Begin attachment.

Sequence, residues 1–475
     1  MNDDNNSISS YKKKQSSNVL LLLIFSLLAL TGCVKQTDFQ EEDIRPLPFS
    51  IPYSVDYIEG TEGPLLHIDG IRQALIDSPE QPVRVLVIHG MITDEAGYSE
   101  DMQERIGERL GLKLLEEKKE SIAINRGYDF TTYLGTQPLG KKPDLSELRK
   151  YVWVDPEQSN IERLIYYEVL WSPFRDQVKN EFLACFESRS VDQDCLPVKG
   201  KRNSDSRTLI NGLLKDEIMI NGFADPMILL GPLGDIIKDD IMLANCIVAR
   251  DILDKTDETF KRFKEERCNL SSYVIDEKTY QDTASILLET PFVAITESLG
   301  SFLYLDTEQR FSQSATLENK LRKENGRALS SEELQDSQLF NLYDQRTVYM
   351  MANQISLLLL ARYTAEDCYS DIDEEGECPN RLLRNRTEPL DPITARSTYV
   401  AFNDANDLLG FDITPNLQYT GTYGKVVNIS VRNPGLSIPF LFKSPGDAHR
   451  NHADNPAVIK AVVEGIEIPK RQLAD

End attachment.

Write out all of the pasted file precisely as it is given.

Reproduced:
Sequence, residues 1–475
     1  MNDDNNSISS YKKKQSSNVL LLLIFSLLAL TGCVKQTDFQ EEDIRPLPFS
    51  IPYSVDYIEG TEGPLLHIDG IRQALIDSPE QPVRVLVIHG MITDEAGYSE
   101  DMQERIGERL GLKLLEEKKE SIAINRGYDF TTYLGTQPLG KKPDLSELRK
   151  YVWVDPEQSN IERLIYYEVL WSPFRDQVKN EFLACFESRS VDQDCLPVKG
   201  KRNSDSRTLI NGLLKDEIMI NGFADPMILL GPLGDIIKDD IMLANCIVAR
   251  DILDKTDETF KRFKEERCNL SSYVIDEKTY QDTASILLET PFVAITESLG
   301  SFLYLDTEQR FSQSATLENK LRKENGRALS SEELQDSQLF NLYDQRTVYM
   351  MANQISLLLL ARYTAEDCYS DIDEEGECPN RLLRNRTEPL DPITARSTYV
   401  AFNDANDLLG FDITPNLQYT GTYGKVVNIS VRNPGLSIPF LFKSPGDAHR
   451  NHADNPAVIK AVVEGIEIPK RQLAD